Talk shows and newspapers columns are ripe with stories about what the Leafs could harvest with a trade of Mats Sundin.
The Leafs captain has long maintained he doesn’t want to leave the city and a no-trade clause in his contract gives him the final say in his fate. That hasn’t stopped many Leafs fans, buoyed by reports of first rounders and hot prospects coming back and certain there is no meaningful future for this team, from shouting that the team has a unique opportunity to get a jump on the future.
But there is much to be said for continuity and no guarantee Sundin would re-sign with the Leafs should he skate in the playoffs for someone else. As well, trading him to some teams would be unpalatable; Ottawa and Philadelphia come to mind.
So let’s take a look at some of the claims made by the trade Sundin camp.
1. Sundin would probably fetch two good roster players and two draft choices.
That is based almost entirely on the exorbitant price the Nashville Predators paid for Peter Forsberg at the trade deadline last year. The Flyers parlayed Forsberg into Scottie Upshall and Ryan Parent and a first and third-rounder in the entry draft. But Upshall is a six-goal scorer and Parent is a good prospect who plays defence in Guelph for the Storm. The first-rounder is great but a third rounder is a crapshoot. So, who won this deal? No one. The Flyers rebound has been led by a host of young players unconnected with the Forsberg trade. The Preds, desperate to make a splash and increase the attractiveness of a sale, won one game in falling to San Jose in the first round. While the early forecast is for a seller’s market, no other team will come into the market with that kind of pressure. If anything, the deal is a cautionary tale for buyer and seller.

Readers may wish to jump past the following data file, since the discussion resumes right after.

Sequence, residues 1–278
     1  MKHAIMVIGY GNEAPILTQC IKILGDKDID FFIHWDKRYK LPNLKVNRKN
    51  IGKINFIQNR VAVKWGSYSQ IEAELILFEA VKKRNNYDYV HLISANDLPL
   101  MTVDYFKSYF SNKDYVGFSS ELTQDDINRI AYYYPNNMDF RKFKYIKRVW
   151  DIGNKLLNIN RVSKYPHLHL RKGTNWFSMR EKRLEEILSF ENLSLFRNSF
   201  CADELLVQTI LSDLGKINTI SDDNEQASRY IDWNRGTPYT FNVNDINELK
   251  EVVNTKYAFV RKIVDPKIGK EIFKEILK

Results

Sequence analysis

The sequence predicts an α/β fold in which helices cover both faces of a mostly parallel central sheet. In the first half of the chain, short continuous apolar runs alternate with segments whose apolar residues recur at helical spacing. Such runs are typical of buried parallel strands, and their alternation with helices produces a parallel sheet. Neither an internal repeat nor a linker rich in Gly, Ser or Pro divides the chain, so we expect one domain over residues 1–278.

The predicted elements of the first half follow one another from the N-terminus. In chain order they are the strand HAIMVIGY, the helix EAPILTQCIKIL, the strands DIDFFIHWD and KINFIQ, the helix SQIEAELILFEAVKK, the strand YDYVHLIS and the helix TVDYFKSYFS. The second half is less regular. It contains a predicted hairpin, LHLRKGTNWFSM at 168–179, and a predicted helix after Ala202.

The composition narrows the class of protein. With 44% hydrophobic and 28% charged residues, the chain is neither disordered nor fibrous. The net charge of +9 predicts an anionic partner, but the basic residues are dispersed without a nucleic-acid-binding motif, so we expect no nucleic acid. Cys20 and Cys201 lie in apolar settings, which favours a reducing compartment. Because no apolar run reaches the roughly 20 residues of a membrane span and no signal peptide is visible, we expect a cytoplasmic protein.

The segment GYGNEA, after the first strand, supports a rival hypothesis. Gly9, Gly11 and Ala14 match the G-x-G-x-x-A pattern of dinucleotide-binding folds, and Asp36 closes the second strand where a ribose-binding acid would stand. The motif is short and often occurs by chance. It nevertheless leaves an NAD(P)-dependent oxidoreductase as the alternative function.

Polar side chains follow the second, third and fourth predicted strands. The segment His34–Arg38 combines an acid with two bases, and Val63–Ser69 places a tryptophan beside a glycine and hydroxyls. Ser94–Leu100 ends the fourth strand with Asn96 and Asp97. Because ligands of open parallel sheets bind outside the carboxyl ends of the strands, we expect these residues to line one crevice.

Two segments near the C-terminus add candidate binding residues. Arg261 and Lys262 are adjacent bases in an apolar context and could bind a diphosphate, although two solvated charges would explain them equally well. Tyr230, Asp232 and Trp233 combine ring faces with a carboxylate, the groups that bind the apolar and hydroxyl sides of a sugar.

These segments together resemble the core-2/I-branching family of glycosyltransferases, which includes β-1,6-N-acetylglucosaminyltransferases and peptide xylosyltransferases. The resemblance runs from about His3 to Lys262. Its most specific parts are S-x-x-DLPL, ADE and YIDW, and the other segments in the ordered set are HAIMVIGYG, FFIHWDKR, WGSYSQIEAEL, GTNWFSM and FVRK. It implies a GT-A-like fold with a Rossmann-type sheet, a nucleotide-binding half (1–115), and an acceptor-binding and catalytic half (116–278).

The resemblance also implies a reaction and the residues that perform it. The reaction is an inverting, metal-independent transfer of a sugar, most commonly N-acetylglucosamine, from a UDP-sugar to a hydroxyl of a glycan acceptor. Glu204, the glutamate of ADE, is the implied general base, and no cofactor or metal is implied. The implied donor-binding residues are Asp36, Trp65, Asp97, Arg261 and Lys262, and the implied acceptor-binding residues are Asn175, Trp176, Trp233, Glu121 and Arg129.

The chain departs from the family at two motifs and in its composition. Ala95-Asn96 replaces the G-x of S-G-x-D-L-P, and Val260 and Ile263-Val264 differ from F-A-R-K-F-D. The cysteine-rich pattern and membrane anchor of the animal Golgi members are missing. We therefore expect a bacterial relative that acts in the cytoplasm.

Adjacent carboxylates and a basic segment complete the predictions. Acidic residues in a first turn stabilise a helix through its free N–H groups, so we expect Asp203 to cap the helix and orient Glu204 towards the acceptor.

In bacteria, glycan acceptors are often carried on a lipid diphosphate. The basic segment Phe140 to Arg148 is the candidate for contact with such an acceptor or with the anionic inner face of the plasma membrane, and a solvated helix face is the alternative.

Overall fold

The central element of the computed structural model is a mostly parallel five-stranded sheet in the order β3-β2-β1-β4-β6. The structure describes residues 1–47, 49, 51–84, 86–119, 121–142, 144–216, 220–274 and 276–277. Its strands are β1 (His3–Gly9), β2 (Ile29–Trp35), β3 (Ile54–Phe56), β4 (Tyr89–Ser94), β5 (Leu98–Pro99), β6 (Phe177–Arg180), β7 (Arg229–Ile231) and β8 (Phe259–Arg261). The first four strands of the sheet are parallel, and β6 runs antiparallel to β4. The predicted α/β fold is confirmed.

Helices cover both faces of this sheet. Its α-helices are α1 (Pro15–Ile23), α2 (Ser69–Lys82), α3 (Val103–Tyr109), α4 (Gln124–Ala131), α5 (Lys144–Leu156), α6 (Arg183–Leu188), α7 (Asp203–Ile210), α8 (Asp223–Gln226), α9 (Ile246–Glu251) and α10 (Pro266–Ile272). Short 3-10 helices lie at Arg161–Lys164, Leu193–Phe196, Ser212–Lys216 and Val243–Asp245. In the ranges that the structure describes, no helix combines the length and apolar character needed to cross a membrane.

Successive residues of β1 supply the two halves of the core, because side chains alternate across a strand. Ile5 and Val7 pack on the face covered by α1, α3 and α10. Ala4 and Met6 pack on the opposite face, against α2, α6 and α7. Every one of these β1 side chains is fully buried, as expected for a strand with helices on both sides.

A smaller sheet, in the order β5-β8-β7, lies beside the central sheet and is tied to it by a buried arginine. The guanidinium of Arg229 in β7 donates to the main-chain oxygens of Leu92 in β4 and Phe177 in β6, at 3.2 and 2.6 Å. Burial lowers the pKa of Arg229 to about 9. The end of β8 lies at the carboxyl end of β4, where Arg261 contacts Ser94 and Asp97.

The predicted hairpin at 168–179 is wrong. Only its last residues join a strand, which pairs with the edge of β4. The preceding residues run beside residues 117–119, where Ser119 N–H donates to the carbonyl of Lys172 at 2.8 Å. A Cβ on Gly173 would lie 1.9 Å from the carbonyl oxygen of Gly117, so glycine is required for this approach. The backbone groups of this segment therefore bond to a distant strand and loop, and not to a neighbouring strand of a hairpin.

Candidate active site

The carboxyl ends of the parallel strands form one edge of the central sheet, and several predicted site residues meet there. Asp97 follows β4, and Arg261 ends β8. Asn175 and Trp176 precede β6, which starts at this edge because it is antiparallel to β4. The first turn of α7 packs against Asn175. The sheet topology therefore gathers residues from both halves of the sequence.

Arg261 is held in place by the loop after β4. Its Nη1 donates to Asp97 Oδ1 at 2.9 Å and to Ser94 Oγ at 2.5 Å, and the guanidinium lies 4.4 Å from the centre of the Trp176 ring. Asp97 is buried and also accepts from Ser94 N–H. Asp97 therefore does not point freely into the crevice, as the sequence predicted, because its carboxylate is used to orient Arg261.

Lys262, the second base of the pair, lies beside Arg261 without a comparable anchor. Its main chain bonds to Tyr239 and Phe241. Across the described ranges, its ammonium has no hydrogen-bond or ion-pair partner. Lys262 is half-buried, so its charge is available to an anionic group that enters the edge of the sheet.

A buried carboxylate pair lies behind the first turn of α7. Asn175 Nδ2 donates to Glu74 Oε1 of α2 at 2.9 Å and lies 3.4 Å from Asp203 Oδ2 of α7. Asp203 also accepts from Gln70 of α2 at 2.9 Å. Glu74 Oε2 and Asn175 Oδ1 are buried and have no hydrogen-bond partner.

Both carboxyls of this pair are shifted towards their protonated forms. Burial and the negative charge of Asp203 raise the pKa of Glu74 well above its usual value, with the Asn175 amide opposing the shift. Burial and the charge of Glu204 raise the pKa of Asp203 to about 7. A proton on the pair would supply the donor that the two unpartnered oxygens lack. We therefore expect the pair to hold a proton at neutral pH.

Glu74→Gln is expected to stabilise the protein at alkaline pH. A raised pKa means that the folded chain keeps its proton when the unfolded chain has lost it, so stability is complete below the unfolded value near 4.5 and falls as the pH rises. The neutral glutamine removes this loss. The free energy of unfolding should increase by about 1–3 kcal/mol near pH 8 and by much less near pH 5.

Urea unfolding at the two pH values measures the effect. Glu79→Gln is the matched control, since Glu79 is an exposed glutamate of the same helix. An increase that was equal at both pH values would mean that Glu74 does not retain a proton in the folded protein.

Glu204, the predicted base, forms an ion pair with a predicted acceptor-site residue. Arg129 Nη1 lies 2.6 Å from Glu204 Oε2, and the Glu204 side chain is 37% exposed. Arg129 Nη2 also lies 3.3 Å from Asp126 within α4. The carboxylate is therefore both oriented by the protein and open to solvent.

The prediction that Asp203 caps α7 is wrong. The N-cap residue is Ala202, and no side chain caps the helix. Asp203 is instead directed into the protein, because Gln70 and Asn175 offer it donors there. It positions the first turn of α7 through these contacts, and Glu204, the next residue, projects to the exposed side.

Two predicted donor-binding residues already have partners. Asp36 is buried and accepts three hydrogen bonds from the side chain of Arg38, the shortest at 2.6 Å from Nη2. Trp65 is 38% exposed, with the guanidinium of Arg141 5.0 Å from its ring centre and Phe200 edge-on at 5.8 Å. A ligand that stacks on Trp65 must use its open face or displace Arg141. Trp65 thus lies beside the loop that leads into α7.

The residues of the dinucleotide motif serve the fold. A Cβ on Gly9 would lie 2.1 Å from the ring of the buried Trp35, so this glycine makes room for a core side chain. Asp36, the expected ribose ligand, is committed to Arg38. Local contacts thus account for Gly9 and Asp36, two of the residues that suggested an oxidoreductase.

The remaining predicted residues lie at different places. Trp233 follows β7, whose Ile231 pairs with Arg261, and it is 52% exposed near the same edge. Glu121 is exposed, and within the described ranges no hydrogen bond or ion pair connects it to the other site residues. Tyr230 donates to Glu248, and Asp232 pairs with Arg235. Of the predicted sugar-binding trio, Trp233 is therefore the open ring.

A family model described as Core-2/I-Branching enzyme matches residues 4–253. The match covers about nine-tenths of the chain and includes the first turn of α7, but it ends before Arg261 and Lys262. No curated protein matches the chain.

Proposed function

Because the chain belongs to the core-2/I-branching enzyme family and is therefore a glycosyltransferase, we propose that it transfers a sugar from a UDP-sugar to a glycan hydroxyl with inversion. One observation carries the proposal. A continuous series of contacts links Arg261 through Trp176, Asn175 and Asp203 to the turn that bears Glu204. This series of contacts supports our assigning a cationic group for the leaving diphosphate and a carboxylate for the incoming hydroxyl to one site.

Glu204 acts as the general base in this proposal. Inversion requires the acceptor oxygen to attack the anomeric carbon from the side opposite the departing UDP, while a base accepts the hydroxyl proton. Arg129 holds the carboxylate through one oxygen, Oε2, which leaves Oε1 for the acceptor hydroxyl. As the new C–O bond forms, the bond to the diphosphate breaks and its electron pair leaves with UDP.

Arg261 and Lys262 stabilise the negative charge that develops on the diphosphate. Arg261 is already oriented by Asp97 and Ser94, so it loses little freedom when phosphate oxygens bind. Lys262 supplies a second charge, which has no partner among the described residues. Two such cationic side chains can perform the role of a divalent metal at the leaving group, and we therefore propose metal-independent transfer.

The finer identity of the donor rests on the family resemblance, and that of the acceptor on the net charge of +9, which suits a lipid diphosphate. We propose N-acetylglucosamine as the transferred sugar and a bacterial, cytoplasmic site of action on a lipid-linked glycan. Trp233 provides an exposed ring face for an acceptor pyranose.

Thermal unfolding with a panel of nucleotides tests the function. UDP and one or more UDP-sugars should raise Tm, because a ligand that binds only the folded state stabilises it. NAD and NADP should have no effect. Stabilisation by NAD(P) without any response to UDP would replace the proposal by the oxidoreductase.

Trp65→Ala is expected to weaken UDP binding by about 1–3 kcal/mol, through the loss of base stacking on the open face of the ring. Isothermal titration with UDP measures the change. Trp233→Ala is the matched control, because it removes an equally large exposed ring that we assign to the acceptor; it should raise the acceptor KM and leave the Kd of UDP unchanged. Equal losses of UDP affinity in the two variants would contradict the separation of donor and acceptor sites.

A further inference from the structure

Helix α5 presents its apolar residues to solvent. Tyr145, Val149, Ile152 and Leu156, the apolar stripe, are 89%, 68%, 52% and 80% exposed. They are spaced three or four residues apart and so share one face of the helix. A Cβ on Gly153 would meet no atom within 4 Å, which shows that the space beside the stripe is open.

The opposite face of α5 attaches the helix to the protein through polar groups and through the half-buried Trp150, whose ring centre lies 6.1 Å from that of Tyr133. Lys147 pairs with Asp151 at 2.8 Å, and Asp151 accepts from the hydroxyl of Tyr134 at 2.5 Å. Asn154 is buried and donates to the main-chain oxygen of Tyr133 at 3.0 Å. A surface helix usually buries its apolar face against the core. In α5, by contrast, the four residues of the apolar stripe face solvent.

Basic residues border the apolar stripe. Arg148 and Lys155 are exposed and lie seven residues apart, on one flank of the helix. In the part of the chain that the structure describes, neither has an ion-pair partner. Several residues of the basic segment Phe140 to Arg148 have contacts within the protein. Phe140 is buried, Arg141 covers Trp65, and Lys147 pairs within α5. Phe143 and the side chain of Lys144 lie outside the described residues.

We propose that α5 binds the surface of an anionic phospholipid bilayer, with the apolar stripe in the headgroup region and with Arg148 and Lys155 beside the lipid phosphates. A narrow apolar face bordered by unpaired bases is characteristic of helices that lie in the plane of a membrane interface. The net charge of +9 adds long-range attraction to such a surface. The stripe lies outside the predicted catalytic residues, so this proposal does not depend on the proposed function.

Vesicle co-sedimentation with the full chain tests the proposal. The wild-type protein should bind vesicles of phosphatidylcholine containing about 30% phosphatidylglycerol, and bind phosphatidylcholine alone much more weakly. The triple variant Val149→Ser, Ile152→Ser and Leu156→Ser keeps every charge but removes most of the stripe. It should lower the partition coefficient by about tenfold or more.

2. When push comes to shove, Sundin will acquiesce to whatever team would give the Leafs the best value.
Why would he? There is no evidence Sundin will agree to a trade in the first place. He hasn’t said anything about leaving in the 13 years he has played here. He has never lied, never let conventional opinion change his mind. Having already won an Olympic Gold Medal, the Stanley Cup could be an intriguing but inessential goal. Even if he does decide to move, he has earned a level of input in choosing his landing area that Forsberg would have envied. Sundin’s tenure with the Leafs could, in a sense, trump any trade because GM John Ferguson would be limited to the teams Sundin, not Ferguson, chose. 3. Sundin’s acquisition would guarantee his new team a Stanley Cup.
Well, it worked for Ray Bourque in Colorado but that was a talented team that had Patrick Roy in goal. Every winter, we forget that goalies dwarf position players in importance come playoff time. Mats Sundin, for all his talents, can’t play goal and the team with the best goalie is the one that wins.
4. Sundin would automatically re-sign with the Leafs in July.
That’s a big assumption. When you trade Mats Sundin, you lose more than the continuity. You lose some of the good feeling generated by his tenure here. It’s never really the same afterwards. Besides, if you trade him because of the need for new, younger blood, why would you bring him back? And who would succeed Mats Sundin, as Captain, and as cornerstone. There is no heir apparent, no one in his league on the roster.
This is not to say that trading Sundin by the deadline at February’s end would be a mistake. The idea is, instead, a risk, with more potential downside than its proponents might think.